MESA, Arizona -- The right-field concourse at Cubs Park, which will be hosting thousands of fans just two days from now, was filled with tables and chairs, balloons and a speaker's platform, for the annual Cactus League kickoff lunch. Members of local civic groups (including the HoHoKams, who will still be helping the Cubs out at the new park), team employees, local dignitaries and fans met for lunch that included samples of fare from the home cities of the Cactus League teams (example: Skyline chili from Cincinnati, a bison slider from Kansas City; the Chicago selection, oddly, was a New York strip steak sandwich).
Then, it was on to speeches from various dignitaries, including Cactus League president Mark Coronado, Laurel Prieb, who is VP of Western operations for Major League Baseball (and, incidentally, he's also Bud Selig's son-in-law), and Mayor Scott Smith of Mesa, who once again thanked the Cubs for giving Mesa a chance to help build the new complex.
The highlight of the program was the first six inductions into the Cactus League Hall of Fame, which will become an annual event at this lunch. The six are all considered pioneers in the formation of the Cactus League and in promoting spring training in Arizona. Bill Veeck, Jr., son of the Cubs GM in the 1930s and the man who was responsible for the planting of the ivy at Wrigley and for the iconic scoreboard before he went on to team ownership, was given credit for helping found the Cactus League when he moved his Cleveland Indians from Florida to Arizona in 1947. Former White Sox GM Roland Hemond accepted the award on behalf of the Veeck family. Hemond told stories about working "with" Veeck, not "for" him; Veeck was a "visionary," Hemond said, and said it was truly wonderful to accept the award on his behalf.
Also honored was former Giants owner Horace Stoneham, who joined Veeck in Arizona in 1947. Veeck's granddaughter Jaime Rupert accepted the award on his behalf. Rupert seemed overjoyed that the Cactus League was recognizing Stoneham's contributions to spring baseball in Arizona and said she would love to see her grandfather inducted into baseball's Hall of Fame in Cooperstown someday.
You might recognize Dwight Patterson's name -- it adorns the field at HoHoKam Park. Patterson is singlehandedly responsible for getting the Cubs to move their spring camp from Catalina Island to Mesa in 1952, and then returning them to Mesa in 1979 after they had spent a dozen years in Scottsdale. As one of the original HoHoKams, he also helped save spring baseball in Arizona and expand it in the 1980s and 1990s. Dwight's daughter Ann Patterson Cleghorn accepted the award on behalf of her family.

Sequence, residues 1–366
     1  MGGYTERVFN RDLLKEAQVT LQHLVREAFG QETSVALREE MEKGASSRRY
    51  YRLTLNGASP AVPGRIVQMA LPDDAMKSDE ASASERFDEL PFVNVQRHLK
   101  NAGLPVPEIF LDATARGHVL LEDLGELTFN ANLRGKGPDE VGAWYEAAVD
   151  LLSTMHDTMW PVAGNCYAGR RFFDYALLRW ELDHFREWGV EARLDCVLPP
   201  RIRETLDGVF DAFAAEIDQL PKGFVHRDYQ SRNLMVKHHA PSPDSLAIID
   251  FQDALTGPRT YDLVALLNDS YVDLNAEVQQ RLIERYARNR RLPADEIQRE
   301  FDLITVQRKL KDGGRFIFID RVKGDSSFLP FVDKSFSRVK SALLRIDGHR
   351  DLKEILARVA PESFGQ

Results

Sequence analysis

Ted and Alice Sliger operated the Buckhorn Baths, a spa constructed over a mineral spring they discovered in the 1930s. Several generations of Giants players stayed in this resort and spa, and the property is now in the process of being restored. Their son Ted accepted the award on behalf of his parents.
Hi Corbett, who is credited with helping bring the Indians to Tucson, had the stadium there named after him in 1951, and was another inductee this afternoon, with family members also in attendance to accept the honor.
The final inductee, former Arizona Gov. Rose Mofford -- who is still around, almost 92 years old, although she couldn't make it to the ceremony -- was honored for her leadership in keeping the Cactus League going in the late 1980s and early 1990s, and helping to bring more teams to spring training in Arizona. Geoffrey Gonsher, an aide to Mofford during her term in office, was there to accept the award for her.
The Cactus League Hall of Fame is a project of the Mesa Historical Museum, which already has a growing "Play Ball" exhibit which you can check out at 51 E. Main St. in Mesa if you're in the area for spring-training games. They hope to eventually have a permanent museum; here's more on the museum and the Cactus League Hall of Fame honorees.
Here's video of Cubs GM Jed Hoyer, who spoke to the crowd:
And finally, the afternoon was completed with this Q-and-A session with former Cub Rick Sutcliffe, who showed up in full uniform (as he said, because he had just come from one of the fields where he is serving as a guest instructor), telling funny stories about his time in baseball. The interviewer is E.J. Montini, a columnist for the Arizona Republic, who grew up in Pittsburgh, thus the Pirates cap he wore during the interview.
Enjoy these videos, and there will be spring-training baseball soon!